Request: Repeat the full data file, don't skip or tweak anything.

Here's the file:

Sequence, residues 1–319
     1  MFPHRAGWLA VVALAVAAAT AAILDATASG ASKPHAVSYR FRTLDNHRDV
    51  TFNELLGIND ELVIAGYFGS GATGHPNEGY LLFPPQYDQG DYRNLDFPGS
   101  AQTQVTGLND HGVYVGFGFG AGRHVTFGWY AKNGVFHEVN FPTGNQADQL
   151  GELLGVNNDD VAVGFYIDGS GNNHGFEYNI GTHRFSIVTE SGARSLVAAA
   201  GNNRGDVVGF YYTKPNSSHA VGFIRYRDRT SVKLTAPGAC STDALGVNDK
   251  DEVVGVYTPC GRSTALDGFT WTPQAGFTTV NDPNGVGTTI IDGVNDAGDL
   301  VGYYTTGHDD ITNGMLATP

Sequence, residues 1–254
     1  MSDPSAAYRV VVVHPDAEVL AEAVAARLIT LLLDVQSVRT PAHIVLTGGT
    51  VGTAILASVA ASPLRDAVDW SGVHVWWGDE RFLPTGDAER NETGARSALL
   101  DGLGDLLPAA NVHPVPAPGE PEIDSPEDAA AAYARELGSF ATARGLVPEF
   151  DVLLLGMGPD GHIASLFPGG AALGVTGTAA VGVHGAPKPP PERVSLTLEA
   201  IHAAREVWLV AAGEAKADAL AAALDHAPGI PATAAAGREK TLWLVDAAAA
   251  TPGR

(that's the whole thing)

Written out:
Sequence, residues 1–319
     1  MFPHRAGWLA VVALAVAAAT AAILDATASG ASKPHAVSYR FRTLDNHRDV
    51  TFNELLGIND ELVIAGYFGS GATGHPNEGY LLFPPQYDQG DYRNLDFPGS
   101  AQTQVTGLND HGVYVGFGFG AGRHVTFGWY AKNGVFHEVN FPTGNQADQL
   151  GELLGVNNDD VAVGFYIDGS GNNHGFEYNI GTHRFSIVTE SGARSLVAAA
   201  GNNRGDVVGF YYTKPNSSHA VGFIRYRDRT SVKLTAPGAC STDALGVNDK
   251  DEVVGVYTPC GRSTALDGFT WTPQAGFTTV NDPNGVGTTI IDGVNDAGDL
   301  VGYYTTGHDD ITNGMLATP

Sequence, residues 1–254
     1  MSDPSAAYRV VVVHPDAEVL AEAVAARLIT LLLDVQSVRT PAHIVLTGGT
    51  VGTAILASVA ASPLRDAVDW SGVHVWWGDE RFLPTGDAER NETGARSALL
   101  DGLGDLLPAA NVHPVPAPGE PEIDSPEDAA AAYARELGSF ATARGLVPEF
   151  DVLLLGMGPD GHIASLFPGG AALGVTGTAA VGVHGAPKPP PERVSLTLEA
   201  IHAAREVWLV AAGEAKADAL AAALDHAPGI PATAAAGREK TLWLVDAAAA
   251  TPGR